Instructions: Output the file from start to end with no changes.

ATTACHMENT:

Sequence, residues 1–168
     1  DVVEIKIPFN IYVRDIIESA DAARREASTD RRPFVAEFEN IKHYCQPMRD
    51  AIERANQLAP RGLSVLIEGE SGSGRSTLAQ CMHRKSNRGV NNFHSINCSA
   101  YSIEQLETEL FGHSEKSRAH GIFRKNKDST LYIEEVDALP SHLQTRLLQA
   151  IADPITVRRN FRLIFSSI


Sequence, residues 1–168
     1  DVVEIKIPFN IYVRDIIESA DAARREASTD RRPFVAEFEN IKHYCQPMRD
    51  AIERANQLAP RGLSVLIEGE SGSGRSTLAQ CMHRKSNRGV NNFHSINCSA
   101  YSIEQLETEL FGHSEKSRAH GIFRKNKDST LYIEEVDALP SHLQTRLLQA
   151  IADPITVRRN FRLIFSSI